FRIHOST FORUMS SEARCH FAQ TOS BLOGS COMPETITIONS
You are invited to Log in or Register a free Frihost Account!


mysql_real_escape_string question





DoctorBeaver
I've been looking through a few mySQL tutorials and I've come across this at http://www.scit.wlv.ac.uk/appdocs/php/function.mysql-real-escape-string.html

"mysql_real_escape_string ( string unescaped_string [, resource link_identifier])

You must always (with few exceptions) use this function to make your data safe before sending a query to MySQL. If you have magic_quotes_gpc enabled, and you are working with data from user input, you must first stripslashes() your data. If your data are form other sources and you have magic_quotes_runtime enabled, you also have to stripslashes() your data. If you don't do so, you leave yourself open to SQL Injection Attacks.
"

No other tutorials I've read have mentioned this. Does anyone know about it? Does anyone use this?

Also, can someone explain exactly what magic_quotes_gpc, magic_quotes_runtime, or anything else to do with magic_quotes are? I've read the entry in the tutorial but I don't really understand it.
AftershockVibe
It basically escapes any character which can be used to nest a SQL query within another query or may confuse the database - basically it's things like line feed, return carriage, the two types of quote mark, semicolon.

If you have a search box designed to look for one text string then without removing quotes and other special characters used in regular expressions it is possible to perform SQL Injection exploits.

See here for how this works;
http://en.wikipedia.org/wiki/Sql_injection

Magic Quotes are PHPs implementation of strings for idiots. Basically, if they are enabled on the server then it allows you to put variables in the middle of unescaped strings and for PHP to still work as intended.

eg.
Code:
$Name = "John";
echo "My name is $Name";

In all normal languages will print just that: My name is $Name but PHP uses magic quotes to work out that you meant to actually put
Code:
$Name = "John";
echo "My name is " . $Name;


It is mostly more annoying to existing programmers than useful. Luckily I'm a Brit so rarely use the dollar sign.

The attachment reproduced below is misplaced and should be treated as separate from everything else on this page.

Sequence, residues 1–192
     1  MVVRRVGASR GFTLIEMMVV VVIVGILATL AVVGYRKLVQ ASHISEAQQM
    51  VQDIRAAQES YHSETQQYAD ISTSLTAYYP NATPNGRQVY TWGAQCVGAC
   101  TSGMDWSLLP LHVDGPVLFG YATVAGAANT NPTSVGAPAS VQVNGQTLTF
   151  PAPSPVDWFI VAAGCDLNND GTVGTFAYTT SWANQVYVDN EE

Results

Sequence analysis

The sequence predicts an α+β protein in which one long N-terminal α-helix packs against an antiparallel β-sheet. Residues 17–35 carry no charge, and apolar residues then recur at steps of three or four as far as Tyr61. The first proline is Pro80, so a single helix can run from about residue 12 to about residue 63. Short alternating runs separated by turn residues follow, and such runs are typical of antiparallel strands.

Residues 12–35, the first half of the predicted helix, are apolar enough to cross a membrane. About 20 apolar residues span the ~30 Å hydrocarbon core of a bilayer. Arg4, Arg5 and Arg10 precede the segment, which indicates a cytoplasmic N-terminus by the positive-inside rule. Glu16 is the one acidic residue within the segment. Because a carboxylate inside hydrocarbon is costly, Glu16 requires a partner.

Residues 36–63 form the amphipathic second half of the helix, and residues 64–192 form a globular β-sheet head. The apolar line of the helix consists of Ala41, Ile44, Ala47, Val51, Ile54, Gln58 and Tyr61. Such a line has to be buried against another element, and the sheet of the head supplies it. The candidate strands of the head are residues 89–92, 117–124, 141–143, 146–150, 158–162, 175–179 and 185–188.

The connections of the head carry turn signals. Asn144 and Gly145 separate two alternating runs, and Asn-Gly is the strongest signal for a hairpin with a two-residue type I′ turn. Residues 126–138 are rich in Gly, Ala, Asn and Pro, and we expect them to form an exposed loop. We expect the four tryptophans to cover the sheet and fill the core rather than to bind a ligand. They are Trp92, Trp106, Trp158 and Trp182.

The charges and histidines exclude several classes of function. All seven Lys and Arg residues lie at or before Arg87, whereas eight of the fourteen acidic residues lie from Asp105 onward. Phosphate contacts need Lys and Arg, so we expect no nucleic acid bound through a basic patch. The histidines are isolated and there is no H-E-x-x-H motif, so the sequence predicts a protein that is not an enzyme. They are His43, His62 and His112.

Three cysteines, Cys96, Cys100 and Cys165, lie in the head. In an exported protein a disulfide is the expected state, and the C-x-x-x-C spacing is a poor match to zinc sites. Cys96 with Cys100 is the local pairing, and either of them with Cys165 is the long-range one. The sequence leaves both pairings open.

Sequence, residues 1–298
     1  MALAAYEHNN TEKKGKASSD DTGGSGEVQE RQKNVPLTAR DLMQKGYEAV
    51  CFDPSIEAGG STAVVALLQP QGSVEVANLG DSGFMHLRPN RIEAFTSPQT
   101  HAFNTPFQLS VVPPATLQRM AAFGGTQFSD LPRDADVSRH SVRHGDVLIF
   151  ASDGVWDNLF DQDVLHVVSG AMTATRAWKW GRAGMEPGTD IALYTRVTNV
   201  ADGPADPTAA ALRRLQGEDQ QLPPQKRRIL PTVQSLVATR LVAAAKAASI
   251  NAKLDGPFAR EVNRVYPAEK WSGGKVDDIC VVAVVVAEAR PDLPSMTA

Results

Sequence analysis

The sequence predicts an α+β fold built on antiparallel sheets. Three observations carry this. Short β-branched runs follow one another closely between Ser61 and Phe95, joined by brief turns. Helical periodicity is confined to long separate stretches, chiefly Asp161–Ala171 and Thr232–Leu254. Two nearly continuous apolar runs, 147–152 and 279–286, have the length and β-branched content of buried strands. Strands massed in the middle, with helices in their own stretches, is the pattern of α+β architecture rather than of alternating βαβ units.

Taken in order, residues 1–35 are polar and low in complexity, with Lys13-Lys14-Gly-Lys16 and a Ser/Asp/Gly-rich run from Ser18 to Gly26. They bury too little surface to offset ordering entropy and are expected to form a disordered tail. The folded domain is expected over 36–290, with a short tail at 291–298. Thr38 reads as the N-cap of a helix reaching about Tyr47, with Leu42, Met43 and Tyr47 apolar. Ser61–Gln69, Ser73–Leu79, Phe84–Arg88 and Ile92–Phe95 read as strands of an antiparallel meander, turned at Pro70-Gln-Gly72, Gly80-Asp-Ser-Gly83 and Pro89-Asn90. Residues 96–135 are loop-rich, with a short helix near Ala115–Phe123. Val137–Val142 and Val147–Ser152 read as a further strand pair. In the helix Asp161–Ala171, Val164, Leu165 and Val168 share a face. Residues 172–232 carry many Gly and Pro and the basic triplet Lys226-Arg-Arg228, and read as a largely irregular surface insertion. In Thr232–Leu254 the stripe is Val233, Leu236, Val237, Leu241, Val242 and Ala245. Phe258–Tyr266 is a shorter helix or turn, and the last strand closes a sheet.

snowboardalliance
AftershockVibe wrote:
It basically escapes any character which can be used to nest a SQL query within another query or may confuse the database - basically it's things like line feed, return carriage, the two types of quote mark, semicolon.

If you have a search box designed to look for one text string then without removing quotes and other special characters used in regular expressions it is possible to perform SQL Injection exploits.

See here for how this works;
http://en.wikipedia.org/wiki/Sql_injection

Magic Quotes are PHPs implementation of strings for idiots. Basically, if they are enabled on the server then it allows you to put variables in the middle of unescaped strings and for PHP to still work as intended.

eg.
Code:
$Name = "John";
echo "My name is $Name";

In all normal languages will print just that: My name is $Name but PHP uses magic quotes to work out that you meant to actually put
Code:
$Name = "John";
echo "My name is " . $Name;


It is mostly more annoying to existing programmers than useful. Luckily I'm a Brit so rarely use the dollar sign.


Umm, magic_quotes just means php runs add slashes on all get/post variables. You are talking about variable interpolation.
DoctorBeaver
snowboardalliance wrote:


Umm, magic_quotes just means php runs add slashes on all get/post variables. You are talking about variable interpolation.


Confused

But it also says there to use stripslashes(). What the hell is the point of adding / and then removing it?
snowboardalliance
DoctorBeaver wrote:
snowboardalliance wrote:


Umm, magic_quotes just means php runs add slashes on all get/post variables. You are talking about variable interpolation.


Confused

But it also says there to use stripslashes(). What the hell is the point of adding / and then removing it?


If you mysql_real_escape something WITH slashes, It will increase them even more than you want. So first you strip_slashes, then run mysql_real_escape. When you want to read the data, you strip_slashes.
It is better to use mysql_real_escape than just add_slashes.
DoctorBeaver
Thanks, SnowboardAlliance - it makes sense now
Related topics
I Have a question . Is it the server support Chinese?
Question before requesting free hosting
question abt posts/mth
Kinda dumb question regarding DNS
A question
UT2004 U like the game? Do u have any question post here.
Question about DNS!
Question about Domain!
another uni.cc question
Question
Question abt lang. support...
question!!!!!!
A question about Naruto
C++ Question
Reply to topic    Frihost Forum Index -> Scripting -> Php and MySQL

FRIHOST HOME | FAQ | TOS | ABOUT US | CONTACT US | SITE MAP
© 2005-2011 Frihost, forums powered by phpBB.